Yes, I know I write about this often. It’s my primary way to get stuff out of my head and blow off some steam. I figure that people can choose if they read this or not; I have no choice living with it. I’m frustrated. I’ve had more stuff going on the last few weeks that have added something else to the list of physical problems. I broke a tooth (doing what, I’m not sure), and when I went to have it fixed, I opened my mouth really wide and felt something pop or pull- something ‘not right’- in my jaw. I got a bunch of novocaine for the tooth repair, so didn’t think much of the jaw until the next day. I still thought it was possibly just a muscle strain, so tried to blow it off. That worked for about a week and a half, each day getting a little bit worse. I went to an urgent care clinic on the weekend when the pain got pretty bad, and the lackluster nurse practitioner said he thought it was TMJ. I always thought that was a more chronic wear and tear thing, but evidently not. It can be acute or chronic. I had the other side of my jaw knocked out of place during a rape/attack in 1987, and while it has never closed right, it never hurt- but I wonder if it set up the other side to be more sensitive to injuries. I don’t know. I’m just ticked off. It wasn’t anybody’s fault when this happened a few weeks ago- I’m just tired of something else going wrong.
I went to see my pain management doc, and he gave me more info about temporo-mandibular joint issues. He said that my description sounded fairly typical. He felt the ‘popping’ and ‘crunchy’ stuff when I opened my mouth. He thought an injection into the jaw joint might help (he’s injected my spine several times so getting ‘shot’ didn’t bother me). Initially, the injection only lasted about 6 hours, but today (2 days after the injection), it does feel better. I know that sometimes the steroids take some time to kick in. I’ve since read that injections into the TMJ can cause increased joint destruction if done more than three times a year, or more often than every 3 months. No problem.
The pain doc also increased the frequency of an opiate I take (fairly mild one), and I ‘gave in’ and took it more frequently yesterday, per the new orders. That may have affected the improvement today as well. I get so tired of dealing with pain management issues. I’ve worked in the drug and alcohol rehab business as a charge nurse (RN) in detox. I’ve seen what addiction looks like. I’m not someone who is likely to take too many meds- if anything I back off. I’ve asked for weaker meds more than once when stronger meds were offered. I figure I need to have something in the future since degenerative disc and joint diseases aren’t going to get better. Fibromyalgia is a bugger on a good day. The chronic headaches don’t respond to many medications. And, because of the ‘opiate hype’ from high profile situations that went bad, I feel I have to defend my right to not live in constant pain because of someone else’s addiction. I’m not an addict. I don’t want pain meds to take care of emotional issues- I want to have decreased physical pain, taking meds as they are prescribed. I just want to be able to stand being in my own body.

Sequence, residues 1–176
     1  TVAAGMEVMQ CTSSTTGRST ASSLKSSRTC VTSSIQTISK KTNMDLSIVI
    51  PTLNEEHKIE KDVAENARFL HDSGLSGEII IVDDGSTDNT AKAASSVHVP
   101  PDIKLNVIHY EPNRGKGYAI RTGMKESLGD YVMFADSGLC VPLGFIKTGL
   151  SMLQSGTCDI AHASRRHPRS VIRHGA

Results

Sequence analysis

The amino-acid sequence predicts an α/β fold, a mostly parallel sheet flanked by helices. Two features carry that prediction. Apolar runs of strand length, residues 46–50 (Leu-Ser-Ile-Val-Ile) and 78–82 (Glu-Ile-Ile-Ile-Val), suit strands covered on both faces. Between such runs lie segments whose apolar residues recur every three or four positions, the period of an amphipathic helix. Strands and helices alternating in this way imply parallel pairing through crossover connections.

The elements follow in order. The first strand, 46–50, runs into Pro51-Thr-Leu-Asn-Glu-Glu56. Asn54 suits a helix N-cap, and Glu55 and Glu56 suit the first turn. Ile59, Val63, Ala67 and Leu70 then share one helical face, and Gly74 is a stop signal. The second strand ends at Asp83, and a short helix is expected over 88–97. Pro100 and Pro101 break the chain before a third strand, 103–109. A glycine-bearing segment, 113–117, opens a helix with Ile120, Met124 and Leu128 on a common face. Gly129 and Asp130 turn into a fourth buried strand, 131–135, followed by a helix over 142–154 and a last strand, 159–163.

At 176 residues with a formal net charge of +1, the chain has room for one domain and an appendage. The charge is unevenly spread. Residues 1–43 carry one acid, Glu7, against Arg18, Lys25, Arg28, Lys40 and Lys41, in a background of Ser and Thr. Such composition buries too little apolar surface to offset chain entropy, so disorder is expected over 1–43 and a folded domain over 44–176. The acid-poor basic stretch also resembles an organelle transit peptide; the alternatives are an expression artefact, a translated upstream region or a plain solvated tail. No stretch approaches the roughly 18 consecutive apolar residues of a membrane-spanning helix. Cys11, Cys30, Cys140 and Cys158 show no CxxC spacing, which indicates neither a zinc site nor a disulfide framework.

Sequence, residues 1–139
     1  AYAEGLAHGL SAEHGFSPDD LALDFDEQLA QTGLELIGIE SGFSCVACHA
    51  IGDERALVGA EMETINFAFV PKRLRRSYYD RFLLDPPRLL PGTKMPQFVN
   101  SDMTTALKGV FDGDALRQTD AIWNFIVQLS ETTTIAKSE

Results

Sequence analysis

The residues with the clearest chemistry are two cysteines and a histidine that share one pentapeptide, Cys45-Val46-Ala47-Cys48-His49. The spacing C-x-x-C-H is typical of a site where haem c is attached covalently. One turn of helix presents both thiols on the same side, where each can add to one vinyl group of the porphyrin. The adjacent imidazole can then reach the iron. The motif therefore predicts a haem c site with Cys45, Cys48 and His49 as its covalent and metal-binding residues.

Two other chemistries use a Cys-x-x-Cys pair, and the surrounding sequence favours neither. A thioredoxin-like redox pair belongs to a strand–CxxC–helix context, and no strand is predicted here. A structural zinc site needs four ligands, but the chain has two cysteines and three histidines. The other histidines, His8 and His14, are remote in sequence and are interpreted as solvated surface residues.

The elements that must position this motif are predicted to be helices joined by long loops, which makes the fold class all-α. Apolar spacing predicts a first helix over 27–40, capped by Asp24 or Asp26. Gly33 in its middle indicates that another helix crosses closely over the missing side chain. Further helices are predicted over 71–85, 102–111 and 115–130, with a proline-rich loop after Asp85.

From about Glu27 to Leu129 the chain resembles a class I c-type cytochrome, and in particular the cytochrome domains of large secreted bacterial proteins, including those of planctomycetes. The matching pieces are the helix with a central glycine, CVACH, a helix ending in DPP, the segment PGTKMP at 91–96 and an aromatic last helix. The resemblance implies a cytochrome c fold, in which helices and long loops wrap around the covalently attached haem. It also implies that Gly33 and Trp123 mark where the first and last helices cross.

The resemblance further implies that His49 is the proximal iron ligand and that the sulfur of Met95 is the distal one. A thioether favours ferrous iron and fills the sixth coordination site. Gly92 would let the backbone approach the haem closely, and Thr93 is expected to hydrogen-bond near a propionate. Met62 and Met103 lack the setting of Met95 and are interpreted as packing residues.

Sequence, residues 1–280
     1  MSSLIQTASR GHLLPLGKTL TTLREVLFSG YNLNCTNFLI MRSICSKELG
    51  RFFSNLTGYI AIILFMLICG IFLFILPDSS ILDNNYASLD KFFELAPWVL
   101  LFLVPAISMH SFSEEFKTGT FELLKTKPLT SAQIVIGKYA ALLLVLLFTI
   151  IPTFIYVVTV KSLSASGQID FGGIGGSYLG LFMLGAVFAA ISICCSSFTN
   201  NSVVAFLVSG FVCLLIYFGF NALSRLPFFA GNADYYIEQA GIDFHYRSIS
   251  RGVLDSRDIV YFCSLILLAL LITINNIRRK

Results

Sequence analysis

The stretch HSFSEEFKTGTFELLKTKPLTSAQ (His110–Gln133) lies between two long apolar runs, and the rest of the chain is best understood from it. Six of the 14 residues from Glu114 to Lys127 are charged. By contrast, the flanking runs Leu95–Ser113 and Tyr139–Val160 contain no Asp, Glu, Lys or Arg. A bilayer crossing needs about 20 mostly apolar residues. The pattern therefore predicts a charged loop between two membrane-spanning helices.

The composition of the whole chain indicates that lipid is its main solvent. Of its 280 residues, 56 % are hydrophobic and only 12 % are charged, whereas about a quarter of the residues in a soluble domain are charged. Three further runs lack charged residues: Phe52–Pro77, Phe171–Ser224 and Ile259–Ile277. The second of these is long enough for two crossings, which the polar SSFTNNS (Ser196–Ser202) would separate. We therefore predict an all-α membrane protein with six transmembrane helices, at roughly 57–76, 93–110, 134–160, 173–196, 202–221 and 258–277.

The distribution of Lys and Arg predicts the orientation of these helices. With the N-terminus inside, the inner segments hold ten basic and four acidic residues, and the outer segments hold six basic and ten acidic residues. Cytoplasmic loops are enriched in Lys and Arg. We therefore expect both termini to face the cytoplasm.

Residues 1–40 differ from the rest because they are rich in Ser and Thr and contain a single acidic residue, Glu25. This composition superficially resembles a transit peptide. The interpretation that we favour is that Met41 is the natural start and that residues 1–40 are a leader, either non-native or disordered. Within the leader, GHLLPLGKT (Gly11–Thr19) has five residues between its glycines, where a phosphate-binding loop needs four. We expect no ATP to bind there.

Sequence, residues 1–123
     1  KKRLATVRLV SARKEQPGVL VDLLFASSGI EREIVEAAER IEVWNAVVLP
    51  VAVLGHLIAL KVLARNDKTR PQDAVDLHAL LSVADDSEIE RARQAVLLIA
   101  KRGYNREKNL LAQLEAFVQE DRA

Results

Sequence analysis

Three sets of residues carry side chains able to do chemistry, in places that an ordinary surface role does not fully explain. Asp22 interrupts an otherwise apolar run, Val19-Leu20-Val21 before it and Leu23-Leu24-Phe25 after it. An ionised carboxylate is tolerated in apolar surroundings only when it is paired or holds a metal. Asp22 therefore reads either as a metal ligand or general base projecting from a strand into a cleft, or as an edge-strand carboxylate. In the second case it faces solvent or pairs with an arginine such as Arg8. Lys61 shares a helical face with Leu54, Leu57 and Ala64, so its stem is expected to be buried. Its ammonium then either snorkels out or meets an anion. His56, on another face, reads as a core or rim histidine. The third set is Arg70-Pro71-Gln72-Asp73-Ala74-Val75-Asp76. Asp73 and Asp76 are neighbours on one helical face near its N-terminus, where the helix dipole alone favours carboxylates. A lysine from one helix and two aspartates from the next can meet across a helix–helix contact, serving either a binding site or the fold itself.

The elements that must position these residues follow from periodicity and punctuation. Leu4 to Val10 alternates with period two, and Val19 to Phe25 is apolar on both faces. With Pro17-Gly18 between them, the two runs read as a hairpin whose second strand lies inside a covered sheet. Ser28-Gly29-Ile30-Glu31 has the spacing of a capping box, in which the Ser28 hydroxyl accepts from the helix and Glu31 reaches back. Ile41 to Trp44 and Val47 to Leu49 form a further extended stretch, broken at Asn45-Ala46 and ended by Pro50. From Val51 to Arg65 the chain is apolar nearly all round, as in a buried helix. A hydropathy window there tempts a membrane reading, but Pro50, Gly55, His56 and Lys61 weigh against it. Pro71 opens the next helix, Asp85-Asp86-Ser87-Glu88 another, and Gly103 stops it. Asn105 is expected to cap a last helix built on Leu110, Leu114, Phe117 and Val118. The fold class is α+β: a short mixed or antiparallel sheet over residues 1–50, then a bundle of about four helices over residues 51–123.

My pain management MD is board certified, and has specific rules for remaining his patient. If people don’t follow HIS rules, they are no longer his patient. Done. I like that. I also like that he doesn’t act as if my complaints of pain are nothing but ‘drug seeking’ behaviors seen with addicts. He listens- and that alone is helpful. I know he’s not judging what I tell him about my pain. I’m sure he does mental assessments to look for red flags, but I go out of my way to not give him any. I never ask for refills a minute before they are ‘due’. I never claim I’ve dropped a prescription down the sink. I don’t adjust dosing on my own (even though I have plenty of nursing drug manuals to find safe dosage limits). I don’t mess with the plan. I’m compliant. He, in turn, isn’t extremely picky about the time interval between the allotted number of pills prescribed in a day. He IS definite about how many pills/24 hour period he will allow. That works for me. If I take a pill and in an hour or two, I’m still not doing well, I can take another. Chances are, that will get me through 6-8 hours, or longer. He does allow for non-opiate meds for ‘breakthrough’ pain. The biggest help is knowing that something is available. I can put off taking something if I know it’s there- I don’t have to ration to the point of living inhumanely. But I don’t have to take the allotted pills every day either. I prefer not to.